Here is a heap profile created by invoking the program with
animations +RTS -h. We invoked
animations.hp to produce the following picture:
Space usage grows linearly with time.
The problem pictorially
The following shows a sketch of the heap after the program printed
The chain of cells represents the
numbers value. The two arrows coming from the top are two references: one to the original
numbers value and one to the current element. The little cloud represents the unevaluated thunk that is the future behavior.
Now, what if we didn’t have a single chain of cells? What if we copied all future behavior thunks and did not replace them? We would get a picture like this:
The garbage collector will reclaim the cells for
2 because there are no references to them.
Let me demonstrate what I mean with “copying thunks” with a small
ghci session. On a high level we bind
exampleThunk to the pure value
True and evaluate it three times. To observe the evaluation we use
Debug.Trace to print
"thunk evaluated" upon evaluation.
> import Debug.Trace > let exampleThunk = trace "thunk evaluated" True > exampleThunk thunk evaluated True > exampleThunk True > exampleThunk True
"thunk evaluated" appears only once. Later evaluations reuse the previously computed value. Usually this is a good thing because the thunk might have been costly to evaluate.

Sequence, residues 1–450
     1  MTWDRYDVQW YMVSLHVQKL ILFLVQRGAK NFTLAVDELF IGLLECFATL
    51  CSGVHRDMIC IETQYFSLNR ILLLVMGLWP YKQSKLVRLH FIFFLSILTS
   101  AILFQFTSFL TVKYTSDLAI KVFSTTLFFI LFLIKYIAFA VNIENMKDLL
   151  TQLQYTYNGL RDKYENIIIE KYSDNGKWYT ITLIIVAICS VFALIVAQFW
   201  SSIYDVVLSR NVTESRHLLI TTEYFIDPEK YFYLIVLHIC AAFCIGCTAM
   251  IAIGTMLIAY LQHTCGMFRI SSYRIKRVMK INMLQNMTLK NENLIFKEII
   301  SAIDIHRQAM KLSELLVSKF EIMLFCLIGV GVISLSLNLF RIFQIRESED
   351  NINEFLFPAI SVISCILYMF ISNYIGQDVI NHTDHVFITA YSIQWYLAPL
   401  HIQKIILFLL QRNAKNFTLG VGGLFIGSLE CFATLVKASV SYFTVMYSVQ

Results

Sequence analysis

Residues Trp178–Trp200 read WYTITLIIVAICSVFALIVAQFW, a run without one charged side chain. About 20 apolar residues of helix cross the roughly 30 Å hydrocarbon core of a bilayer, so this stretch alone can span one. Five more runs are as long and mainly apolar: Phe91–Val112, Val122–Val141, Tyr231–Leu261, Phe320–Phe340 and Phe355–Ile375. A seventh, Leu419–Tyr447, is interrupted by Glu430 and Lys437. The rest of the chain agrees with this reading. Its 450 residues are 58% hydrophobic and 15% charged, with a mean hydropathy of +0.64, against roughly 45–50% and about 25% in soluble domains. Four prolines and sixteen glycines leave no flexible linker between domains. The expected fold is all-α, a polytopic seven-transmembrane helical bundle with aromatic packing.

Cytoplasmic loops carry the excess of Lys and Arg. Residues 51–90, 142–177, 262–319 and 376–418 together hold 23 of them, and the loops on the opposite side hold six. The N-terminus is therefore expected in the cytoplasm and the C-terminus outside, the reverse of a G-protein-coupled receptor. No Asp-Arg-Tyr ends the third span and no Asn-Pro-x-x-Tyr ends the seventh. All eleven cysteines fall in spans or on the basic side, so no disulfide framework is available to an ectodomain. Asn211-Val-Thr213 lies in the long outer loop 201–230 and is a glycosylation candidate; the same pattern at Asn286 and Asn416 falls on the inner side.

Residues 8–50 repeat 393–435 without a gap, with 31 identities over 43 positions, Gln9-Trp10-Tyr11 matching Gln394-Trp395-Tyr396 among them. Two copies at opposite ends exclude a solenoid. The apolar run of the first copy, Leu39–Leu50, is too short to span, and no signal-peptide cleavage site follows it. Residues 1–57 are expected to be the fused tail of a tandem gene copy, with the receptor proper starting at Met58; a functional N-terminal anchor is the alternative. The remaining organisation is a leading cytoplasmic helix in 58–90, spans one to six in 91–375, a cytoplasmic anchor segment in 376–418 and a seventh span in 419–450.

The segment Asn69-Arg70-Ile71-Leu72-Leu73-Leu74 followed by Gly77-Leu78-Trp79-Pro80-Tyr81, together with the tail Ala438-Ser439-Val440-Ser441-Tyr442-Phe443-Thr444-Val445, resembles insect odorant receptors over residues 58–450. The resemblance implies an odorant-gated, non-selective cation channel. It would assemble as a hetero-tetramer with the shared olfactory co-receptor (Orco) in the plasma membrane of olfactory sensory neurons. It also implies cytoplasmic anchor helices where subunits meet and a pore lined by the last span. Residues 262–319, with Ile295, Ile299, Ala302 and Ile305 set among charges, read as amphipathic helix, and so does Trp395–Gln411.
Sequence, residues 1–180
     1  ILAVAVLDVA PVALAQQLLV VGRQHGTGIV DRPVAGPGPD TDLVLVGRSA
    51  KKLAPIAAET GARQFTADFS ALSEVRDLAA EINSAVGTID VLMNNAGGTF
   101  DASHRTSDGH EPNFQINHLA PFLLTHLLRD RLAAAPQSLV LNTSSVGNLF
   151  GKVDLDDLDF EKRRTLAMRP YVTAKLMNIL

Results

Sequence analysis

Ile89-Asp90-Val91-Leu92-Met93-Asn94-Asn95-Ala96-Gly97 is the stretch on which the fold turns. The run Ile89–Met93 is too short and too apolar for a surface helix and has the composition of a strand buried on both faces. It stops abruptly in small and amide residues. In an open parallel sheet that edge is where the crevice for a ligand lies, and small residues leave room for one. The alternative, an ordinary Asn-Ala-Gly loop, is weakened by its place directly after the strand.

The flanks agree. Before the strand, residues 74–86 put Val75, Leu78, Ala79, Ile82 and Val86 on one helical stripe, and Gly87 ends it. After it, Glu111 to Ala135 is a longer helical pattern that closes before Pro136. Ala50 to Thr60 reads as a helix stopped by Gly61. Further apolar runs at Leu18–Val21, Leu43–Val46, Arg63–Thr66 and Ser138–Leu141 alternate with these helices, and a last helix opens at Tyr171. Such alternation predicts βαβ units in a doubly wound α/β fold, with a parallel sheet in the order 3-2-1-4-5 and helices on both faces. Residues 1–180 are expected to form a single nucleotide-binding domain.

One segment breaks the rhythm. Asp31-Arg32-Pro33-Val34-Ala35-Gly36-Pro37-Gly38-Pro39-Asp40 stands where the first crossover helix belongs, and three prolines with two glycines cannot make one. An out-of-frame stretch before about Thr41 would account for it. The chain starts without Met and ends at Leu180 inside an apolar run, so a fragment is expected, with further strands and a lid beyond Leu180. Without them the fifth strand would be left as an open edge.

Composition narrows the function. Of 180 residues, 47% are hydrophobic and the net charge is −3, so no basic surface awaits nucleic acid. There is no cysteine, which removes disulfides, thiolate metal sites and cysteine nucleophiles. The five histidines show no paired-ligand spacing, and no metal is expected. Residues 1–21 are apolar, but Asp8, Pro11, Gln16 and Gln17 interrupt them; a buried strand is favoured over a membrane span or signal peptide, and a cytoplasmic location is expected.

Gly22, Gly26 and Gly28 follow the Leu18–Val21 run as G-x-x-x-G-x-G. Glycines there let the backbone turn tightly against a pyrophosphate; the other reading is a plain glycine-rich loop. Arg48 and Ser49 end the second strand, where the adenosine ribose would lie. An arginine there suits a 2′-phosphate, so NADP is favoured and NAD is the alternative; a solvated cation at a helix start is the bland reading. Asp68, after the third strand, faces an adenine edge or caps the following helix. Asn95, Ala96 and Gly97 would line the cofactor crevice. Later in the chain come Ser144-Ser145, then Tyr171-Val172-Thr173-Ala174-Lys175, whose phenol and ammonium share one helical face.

But now what we’d like to have are two functions with the following signatures:
copy :: a -> Copy a getCopy :: Copy a -> a
This time we use functions
getCopy to make the evaluation of
exampleThunk happen multiple times.
> import Debug.Trace > let exampleThunk = trace "thunk evaluated" True > let copyOfExampleThunk = copy exampleThunk > getCopy copyOfExampleThunk thunk evaluated True > getCopy copyOfExampleThunk thunk evaluated True > getCopy copyOfExampleThunk thunk evaluated True
Whenever we force the result of
getCopy the thunk is evaluated. We do not replace the original thunk by the result.
I don’t think it is possible to get the desired behavior of
Copy with current GHC. But luckily Joachim Breitner has published an experiment in the form of the
ghc-dup package a few years ago. It works (as a prototype) for GHC 7.4 and GHC 7.6. It provides a function
dup that allows us to create the desired
Copy type and make it an
data Copy a = Copy a copy :: a -> Copy a copy a = Copy a getCopy :: Copy a -> a getCopy (Copy a) = case dup a of Box a' -> a' instance Functor Copy where fmap f a = copy (f (getCopy a)) instance Applicative Copy where pure a = copy a f <*> a = copy ((getCopy f) (getCopy a))
We are careful to never directly use the thunk inside
Copy. Instead we copy it with
Heap profile with copying
Now we can instantiate our behavior with
Copy instead of with
Identity and still run it like so:
runCopying :: (Show a) => Behavior Copy a -> IO () runCopying (a `AndThen` copyAs) = do print a runCopying (getCopy copyAs)
getCopy instead of
runIdentity to get the next behavior. This allows us to change the previously leaky program to use
Copy instead of
Identity by using
runCopying instead of
main :: IO () main = do let numbers = countFrom 0 let alwaysNumbers = fmap now (always numbers) let pairs = liftA2 (,) numbers alwaysNumbers runCopying pairs
We get the same output but the following heap profile:
The space leak is gone.